Linked by Andrew Youll on Wed 31st Aug 2005 15:54 UTC, submitted by Chris Bergeron
Hardware, Embedded Systems Over the past few years SATA has become a standard interface on hard drives and is starting to show up in many peripheral devices. Today we're taking a look at two similar hard drives to see if there's a performance difference between SATA and the older Parallel IDE standard.
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True benefits of SATA
by Drumhellar on Fri 2nd Sep 2005 10:23 UTC
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SATA is register-compatible with PATA, so SATA controllers can be presented as old-style drives. If you have SATA ports on your board, you can install XP without the proper drivers. or Linux. Or DOS.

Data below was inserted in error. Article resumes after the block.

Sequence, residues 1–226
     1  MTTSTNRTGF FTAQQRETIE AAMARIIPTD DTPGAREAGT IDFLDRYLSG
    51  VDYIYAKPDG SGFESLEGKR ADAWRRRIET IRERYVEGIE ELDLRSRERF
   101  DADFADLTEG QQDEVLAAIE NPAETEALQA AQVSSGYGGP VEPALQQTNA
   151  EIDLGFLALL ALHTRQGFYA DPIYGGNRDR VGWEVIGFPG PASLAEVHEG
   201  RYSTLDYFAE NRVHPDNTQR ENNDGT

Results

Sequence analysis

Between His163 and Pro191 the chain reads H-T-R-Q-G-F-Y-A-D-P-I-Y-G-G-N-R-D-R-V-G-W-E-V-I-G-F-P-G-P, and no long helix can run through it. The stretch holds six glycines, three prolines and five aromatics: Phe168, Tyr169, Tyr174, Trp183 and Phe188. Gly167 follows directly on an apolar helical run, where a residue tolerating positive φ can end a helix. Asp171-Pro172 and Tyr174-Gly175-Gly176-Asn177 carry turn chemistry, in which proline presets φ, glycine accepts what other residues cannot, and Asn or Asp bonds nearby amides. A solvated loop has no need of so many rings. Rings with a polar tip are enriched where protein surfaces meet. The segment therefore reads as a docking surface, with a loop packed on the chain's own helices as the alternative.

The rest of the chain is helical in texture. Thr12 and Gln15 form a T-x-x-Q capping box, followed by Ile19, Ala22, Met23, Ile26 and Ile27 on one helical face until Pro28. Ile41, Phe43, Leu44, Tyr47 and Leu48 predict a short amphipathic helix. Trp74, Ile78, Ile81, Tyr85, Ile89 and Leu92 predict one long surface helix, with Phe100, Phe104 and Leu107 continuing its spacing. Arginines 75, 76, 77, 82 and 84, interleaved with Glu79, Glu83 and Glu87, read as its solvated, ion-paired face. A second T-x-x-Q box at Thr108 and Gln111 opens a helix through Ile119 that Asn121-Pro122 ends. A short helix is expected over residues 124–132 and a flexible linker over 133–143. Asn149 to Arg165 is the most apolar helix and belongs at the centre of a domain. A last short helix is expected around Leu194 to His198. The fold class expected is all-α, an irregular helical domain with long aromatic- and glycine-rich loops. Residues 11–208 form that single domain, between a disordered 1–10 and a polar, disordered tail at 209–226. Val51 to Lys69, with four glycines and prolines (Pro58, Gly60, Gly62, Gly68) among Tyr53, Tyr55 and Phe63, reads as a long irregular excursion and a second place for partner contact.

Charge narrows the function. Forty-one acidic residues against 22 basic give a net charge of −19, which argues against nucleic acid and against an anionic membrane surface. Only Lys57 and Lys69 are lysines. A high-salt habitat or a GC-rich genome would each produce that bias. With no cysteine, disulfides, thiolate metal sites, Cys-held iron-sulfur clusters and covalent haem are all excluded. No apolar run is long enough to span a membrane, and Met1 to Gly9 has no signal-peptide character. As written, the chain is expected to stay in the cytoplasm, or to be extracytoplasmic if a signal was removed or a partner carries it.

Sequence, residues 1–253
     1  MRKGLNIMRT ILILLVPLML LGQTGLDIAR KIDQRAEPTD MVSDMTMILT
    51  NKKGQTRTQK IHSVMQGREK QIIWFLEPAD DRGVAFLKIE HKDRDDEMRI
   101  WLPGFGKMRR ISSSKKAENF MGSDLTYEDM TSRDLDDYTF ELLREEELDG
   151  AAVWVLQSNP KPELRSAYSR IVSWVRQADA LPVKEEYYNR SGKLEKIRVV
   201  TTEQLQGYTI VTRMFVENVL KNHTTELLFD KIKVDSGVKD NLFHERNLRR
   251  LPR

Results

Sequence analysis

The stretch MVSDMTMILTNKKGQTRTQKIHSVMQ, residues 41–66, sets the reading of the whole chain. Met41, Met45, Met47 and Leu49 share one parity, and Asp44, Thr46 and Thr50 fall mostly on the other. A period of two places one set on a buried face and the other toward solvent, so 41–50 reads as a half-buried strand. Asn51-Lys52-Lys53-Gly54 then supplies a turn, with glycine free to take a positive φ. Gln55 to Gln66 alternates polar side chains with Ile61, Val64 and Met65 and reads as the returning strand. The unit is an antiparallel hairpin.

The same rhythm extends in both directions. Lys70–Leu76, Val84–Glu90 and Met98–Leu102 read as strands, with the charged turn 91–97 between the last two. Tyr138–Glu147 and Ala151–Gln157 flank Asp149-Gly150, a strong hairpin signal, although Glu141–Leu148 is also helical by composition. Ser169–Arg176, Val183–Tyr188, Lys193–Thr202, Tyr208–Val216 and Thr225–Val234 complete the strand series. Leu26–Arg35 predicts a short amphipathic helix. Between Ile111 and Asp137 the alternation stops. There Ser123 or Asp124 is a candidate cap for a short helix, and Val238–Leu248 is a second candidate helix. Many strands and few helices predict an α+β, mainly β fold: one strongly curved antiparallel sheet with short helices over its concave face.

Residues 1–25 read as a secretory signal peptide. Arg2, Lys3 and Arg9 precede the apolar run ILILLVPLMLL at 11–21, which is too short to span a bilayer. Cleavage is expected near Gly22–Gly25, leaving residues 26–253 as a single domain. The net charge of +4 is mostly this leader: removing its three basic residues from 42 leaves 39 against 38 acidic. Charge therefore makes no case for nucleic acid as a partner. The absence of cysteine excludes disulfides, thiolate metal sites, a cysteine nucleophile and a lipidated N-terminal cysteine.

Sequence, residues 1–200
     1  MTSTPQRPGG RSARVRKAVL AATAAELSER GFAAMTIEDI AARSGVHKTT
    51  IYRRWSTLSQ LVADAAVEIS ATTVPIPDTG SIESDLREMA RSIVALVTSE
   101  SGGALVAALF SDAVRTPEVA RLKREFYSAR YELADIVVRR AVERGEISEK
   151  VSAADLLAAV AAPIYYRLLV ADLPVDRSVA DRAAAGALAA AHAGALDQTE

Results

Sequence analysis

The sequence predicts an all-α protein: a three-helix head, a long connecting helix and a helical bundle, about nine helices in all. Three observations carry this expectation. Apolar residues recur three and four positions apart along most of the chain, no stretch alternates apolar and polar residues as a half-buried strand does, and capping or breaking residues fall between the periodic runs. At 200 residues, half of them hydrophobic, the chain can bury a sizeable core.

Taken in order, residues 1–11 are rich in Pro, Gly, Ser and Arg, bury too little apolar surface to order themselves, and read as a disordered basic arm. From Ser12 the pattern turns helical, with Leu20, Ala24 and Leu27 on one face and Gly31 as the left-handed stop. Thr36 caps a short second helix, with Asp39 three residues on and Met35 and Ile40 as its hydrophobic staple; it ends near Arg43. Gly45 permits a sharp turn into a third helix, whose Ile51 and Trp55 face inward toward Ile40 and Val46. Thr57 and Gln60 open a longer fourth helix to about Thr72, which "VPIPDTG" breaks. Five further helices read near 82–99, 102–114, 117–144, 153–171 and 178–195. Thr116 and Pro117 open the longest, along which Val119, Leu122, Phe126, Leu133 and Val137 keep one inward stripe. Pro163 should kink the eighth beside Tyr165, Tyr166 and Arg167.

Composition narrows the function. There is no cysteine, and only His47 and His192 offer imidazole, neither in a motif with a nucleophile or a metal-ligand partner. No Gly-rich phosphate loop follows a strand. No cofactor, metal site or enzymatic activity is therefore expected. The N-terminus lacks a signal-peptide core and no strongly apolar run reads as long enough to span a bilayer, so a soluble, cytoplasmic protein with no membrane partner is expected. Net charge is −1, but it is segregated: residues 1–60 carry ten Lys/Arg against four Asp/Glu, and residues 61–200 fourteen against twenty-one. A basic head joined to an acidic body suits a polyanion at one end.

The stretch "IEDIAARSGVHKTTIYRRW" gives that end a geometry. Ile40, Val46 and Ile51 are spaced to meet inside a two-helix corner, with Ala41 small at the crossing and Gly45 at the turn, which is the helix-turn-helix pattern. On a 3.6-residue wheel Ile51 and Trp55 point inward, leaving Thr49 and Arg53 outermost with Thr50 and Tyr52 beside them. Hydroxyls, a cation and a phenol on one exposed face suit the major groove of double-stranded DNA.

For the manufacturing side, there are much fewer wires to route. 7 wires is much easier to route than 40.

For cramped cases, SATA cables are sooo much easier to hook up. Also, they only fit on one way, so no putting the cable on incorrectly because your ribbon cable isn't keyed and you don't know the red wire goes near the power connector. SATA also allows longer cable lengths, which is nice for those who need it.

Also, on the SATA connector, the first wires to make contact are the ground wires, which is VERY important for reliable and safe hot-plugging. Of course, your controller still needs to support it.

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